Things to consider when buying a new Television.
Welcome to the September 2015 newsletter from the Electric Playground, the home technology specialist.
We’re back after our summer break and looking forward to the next few months with some interesting installations on the horizon.
This month we wanted to give you a few things to think about when buying a new TV. Technology in this area changes so rapidly it’s sometimes hard to keep up.
Bigger is better
Our rule of thumb is to get the biggest TV that your wall space can accommodate. For a family’s main TV nothing smaller than 55 inches will do.
4k or not 4k
That is the question. Our advice if it’s important to you get it, if not hold off for now as the price will come down.
These have been developed to deliver a more immersive viewing experience for everyone watching, regardless of their angle. For: Improved immersion, sense of depth is enhanced, wider field of view, better contrast, uniform viewing distances and a wider effective viewing angle. Against: Curve exaggerates reflections, curve limits viewing angles, really only one viewing sweet spot, they need to be big, their expensive.
A smart TV with multiple streaming services is a good choice for a bedroom, den or kitchen, where installing an additional cable box would be difficult. A lot of TV’s come with a Netflix app built in but think Apple TV or Amazon Fire. These can easily be fixed to the back of a TV and hidden from view.
LED or OLED?
LED stands for Light Emitting Diodes whilst OLED stands for Organic Light Emitting Diodes. Both refer to the way your screen pixels are lit to create the colours and contrast of the images on your screen. OLED is the latest technology. The pixels create their own light source to make up the picture. This means that they can turn themselves off completely in order to show the deepest blacks. LED screens on the other hand have a backlight which is shone through an LCD panel to produce the individual pictures. OLED TV’s: Richer and more vivid colours and contrast, lower energy consumption than LED, excellent quality pictures at all viewing angles, screens are generally thinner. LED TV’s: More choice of TVs as LED is easier to produce, usually cheaper in price, produces great picture quality.
If you watch a lot of 3D movies, then look for a smart TV with active 3D technology. Active 3D delivers full resolution to each eye, but passive 3D cuts the resolution in half. If 3D isn’t very important, then don’t worry about active vs. passive.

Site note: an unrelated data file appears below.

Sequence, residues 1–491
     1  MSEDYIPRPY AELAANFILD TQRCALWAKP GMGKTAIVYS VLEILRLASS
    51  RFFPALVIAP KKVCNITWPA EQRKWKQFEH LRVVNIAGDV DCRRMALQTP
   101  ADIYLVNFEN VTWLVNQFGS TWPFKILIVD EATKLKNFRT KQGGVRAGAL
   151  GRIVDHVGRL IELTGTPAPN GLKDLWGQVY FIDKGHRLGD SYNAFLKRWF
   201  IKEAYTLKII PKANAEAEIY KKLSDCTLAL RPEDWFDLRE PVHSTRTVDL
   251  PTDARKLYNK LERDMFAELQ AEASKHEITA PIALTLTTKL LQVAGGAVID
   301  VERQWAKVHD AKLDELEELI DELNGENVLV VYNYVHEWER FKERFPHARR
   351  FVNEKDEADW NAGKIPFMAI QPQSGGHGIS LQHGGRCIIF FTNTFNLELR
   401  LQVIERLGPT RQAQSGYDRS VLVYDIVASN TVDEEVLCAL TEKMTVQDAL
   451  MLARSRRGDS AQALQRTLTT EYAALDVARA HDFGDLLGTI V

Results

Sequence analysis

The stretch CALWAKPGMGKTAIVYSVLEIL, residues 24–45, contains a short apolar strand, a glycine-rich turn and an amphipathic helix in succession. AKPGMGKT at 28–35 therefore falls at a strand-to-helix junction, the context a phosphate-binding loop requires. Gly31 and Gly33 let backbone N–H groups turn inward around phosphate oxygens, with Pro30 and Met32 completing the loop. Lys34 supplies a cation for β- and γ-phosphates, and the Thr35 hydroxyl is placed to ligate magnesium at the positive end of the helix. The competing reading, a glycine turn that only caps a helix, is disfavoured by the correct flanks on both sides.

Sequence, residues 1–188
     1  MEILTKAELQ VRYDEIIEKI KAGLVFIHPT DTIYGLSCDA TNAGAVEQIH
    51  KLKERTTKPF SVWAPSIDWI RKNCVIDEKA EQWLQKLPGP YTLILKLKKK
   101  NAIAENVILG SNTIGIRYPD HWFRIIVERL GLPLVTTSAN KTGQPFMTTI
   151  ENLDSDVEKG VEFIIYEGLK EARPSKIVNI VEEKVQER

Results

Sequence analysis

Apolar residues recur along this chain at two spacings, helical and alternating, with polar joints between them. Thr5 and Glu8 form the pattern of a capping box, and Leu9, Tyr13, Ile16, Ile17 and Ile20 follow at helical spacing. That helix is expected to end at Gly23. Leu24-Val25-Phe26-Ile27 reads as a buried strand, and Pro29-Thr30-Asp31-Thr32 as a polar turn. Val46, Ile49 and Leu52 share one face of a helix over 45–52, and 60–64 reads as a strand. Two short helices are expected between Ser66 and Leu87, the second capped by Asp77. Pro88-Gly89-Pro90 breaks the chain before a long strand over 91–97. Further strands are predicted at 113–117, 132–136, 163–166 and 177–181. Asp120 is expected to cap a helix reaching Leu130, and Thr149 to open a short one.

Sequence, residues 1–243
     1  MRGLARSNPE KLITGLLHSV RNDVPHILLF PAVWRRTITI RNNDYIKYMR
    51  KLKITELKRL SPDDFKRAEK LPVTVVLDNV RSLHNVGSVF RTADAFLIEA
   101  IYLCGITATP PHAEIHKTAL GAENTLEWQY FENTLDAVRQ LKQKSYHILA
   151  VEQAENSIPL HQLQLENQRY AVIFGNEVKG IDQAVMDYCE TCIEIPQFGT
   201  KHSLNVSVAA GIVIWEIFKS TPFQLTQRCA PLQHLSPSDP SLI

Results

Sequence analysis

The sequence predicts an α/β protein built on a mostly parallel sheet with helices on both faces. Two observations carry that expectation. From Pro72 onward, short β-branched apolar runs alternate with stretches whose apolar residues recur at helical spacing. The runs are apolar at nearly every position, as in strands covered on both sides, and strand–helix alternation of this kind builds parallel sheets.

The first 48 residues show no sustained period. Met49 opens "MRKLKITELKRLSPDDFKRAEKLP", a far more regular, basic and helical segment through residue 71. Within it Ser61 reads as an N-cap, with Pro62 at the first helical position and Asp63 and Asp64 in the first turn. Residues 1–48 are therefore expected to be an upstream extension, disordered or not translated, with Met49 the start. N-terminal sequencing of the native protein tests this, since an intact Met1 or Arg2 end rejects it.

The best smart TVs have advanced, intuitive menus or guides to help you find the streaming content you want. Bargain-brand TV’s tend to have bare-bones menus that can be slow and difficult to use.
Full web browsing.
Yes, you’d think this would be standard on any smart TV, but surprisingly, it’s not. If you want to look up something on a web browser without having to open up your laptop every time, this is a feature you’ll want.
Because the TVs have gotten more advanced, better remotes were needed to make the TVs easier to use. Some include full built-in keyboards (a nice feature when web browsing) while others use gesture or voice prompts to access favorite features. Imagine speaking into your remote to select a movie.
If sound is important to you, don’t use the TV’s built-in speakers. Get a soundbar or soundbase. For a full surrounded sound get an AVR, some satellite speakers and a sub woofer, like these from Bowers & Wilkins.
When viewing TVs in a shop showroom, know that they probably haven’t been calibrated and are usually set at the brightest, most unnatural mode. If possible, ask to have the TVs switched to their Movie, Cinema or Theatre mode (which is going to make the colors in the picture look a lot more realistic).
Wi-Fi or not?
If you can, connect your new TV directly to your network router via an Ethernet cable because that signal will be more robust and reliable. Only use Wi-Fi if you can’t get a cable to the TV.
Can we help?
I hope this has given you a few things to think about when buying your new television.